New emergency vaccination rules have some parents worried about upcoming school year

The number of measles cases are on the rise again as New York parents deal with new emergency rules about religious exemptions from vaccinations.
A Community Health and Vaccine Education workshop, hosted by Good Samaritan Hospital, was held Monday night at the West Islip Library. There was a heated debate between those for and those against vaccinations.
"I want every child to grow up safe and healthy, and I think that's the common goal -- vaccines save lives," said Mary Koslap-Petraco, pediatric nurse practitioner.
"There are ingredients that can be harmful, so we need to have a conversation about this," said Rita Palma.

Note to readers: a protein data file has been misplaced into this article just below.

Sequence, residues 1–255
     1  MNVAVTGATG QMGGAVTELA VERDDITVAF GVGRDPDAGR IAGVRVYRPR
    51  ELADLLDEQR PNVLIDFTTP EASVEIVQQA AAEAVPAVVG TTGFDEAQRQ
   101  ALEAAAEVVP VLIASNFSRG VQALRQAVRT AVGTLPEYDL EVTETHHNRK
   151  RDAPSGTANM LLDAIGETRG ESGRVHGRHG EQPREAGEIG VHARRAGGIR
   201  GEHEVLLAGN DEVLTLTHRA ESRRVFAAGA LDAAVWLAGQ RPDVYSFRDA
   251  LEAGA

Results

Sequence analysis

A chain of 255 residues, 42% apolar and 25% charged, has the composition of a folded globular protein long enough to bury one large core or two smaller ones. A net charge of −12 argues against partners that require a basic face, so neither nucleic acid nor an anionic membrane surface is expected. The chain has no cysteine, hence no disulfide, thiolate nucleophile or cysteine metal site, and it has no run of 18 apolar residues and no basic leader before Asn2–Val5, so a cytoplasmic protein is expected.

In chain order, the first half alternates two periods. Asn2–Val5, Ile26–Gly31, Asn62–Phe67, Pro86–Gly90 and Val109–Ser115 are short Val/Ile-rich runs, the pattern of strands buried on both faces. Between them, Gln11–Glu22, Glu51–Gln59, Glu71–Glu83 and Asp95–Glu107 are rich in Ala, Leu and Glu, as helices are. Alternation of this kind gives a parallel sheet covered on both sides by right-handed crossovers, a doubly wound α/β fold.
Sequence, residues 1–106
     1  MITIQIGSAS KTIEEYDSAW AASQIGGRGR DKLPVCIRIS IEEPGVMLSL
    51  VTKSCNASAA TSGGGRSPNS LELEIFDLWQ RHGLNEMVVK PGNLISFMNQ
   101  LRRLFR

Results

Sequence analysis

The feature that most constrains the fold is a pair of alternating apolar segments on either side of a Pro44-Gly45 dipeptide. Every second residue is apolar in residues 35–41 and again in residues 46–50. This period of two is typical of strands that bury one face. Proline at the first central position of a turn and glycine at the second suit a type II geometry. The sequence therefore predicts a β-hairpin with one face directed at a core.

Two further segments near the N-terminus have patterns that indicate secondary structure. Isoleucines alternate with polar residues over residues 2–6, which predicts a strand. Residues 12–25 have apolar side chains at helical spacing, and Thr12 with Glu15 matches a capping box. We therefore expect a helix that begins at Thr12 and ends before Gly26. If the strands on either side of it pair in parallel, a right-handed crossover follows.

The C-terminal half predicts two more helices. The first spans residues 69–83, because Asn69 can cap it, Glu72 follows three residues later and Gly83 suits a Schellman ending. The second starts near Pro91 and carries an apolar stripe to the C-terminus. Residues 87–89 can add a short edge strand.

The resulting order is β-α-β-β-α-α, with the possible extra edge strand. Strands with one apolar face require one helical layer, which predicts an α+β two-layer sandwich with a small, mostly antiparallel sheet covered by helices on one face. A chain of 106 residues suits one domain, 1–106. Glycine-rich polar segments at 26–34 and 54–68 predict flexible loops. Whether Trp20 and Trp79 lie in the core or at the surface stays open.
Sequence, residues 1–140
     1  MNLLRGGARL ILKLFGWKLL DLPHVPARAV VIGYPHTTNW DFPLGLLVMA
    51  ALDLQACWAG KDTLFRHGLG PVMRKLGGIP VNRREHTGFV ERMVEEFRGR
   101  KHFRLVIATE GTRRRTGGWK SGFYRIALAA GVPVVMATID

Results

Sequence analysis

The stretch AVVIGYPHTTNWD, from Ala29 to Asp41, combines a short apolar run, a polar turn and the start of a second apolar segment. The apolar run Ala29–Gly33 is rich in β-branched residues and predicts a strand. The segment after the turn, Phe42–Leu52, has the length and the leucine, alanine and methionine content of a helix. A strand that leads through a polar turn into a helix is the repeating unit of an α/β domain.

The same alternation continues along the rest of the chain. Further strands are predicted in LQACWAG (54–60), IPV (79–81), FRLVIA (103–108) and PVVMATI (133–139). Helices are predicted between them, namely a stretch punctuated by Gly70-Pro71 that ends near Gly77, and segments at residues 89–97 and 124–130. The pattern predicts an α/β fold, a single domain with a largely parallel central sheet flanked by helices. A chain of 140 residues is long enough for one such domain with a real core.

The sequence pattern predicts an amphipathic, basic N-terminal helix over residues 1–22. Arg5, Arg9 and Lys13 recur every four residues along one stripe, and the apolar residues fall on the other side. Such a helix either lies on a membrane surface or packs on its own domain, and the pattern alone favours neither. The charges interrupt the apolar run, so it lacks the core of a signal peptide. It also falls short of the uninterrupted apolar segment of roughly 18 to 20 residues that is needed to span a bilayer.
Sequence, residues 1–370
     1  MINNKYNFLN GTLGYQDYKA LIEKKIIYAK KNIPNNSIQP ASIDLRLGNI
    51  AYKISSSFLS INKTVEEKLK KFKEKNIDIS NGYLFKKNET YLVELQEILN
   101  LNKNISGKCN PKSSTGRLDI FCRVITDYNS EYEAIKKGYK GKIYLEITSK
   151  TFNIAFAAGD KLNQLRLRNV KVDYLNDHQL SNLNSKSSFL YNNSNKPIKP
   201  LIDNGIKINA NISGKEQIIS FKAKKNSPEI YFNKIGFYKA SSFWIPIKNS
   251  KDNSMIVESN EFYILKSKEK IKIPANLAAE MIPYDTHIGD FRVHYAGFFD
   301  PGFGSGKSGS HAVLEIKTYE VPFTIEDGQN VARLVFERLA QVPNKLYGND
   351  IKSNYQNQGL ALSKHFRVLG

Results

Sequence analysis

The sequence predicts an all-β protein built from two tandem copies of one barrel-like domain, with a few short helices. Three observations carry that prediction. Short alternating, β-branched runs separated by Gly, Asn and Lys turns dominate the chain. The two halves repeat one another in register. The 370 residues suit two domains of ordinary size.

Gov. Andrew Cuomo signed legislation on June 13 removing non-medical exemptions for vaccinations.
According to the CDC, the number of measles cases has reached 1,203 nationwide.
New York state issued emergency regulations Friday that strengthened the process for a doctor to grant a vaccine exemption. Physicians would have to fill out a medical exemption form and provide the specific medical reason that prevents a child from being vaccinated.
Some parents at the meeting say that's not fair.
"Parents are backed into a corner. Medical exemptions are virtually impossible to get in the state of New York," said Palma.
Children who are not previously vaccinated will have 14 days from the first day of school to receive a vaccination. If they do not get the vaccinations, school officials are required to refuse to admit the child to school.